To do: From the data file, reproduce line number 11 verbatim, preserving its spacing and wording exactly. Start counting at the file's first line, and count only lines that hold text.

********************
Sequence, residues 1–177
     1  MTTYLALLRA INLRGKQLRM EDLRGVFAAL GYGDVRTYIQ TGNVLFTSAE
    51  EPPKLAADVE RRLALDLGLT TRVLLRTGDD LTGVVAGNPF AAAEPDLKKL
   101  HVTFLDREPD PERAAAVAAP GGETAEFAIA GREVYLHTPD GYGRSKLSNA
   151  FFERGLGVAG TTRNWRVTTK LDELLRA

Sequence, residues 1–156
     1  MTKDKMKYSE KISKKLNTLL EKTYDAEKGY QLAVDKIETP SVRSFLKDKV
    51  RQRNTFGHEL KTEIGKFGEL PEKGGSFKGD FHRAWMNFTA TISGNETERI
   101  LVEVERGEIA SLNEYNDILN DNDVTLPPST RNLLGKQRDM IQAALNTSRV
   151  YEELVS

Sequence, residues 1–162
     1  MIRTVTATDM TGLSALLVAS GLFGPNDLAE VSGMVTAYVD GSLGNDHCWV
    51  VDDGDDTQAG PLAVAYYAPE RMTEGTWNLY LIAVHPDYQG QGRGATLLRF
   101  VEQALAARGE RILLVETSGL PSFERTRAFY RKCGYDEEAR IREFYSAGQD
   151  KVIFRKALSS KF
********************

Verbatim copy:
Sequence, residues 1–162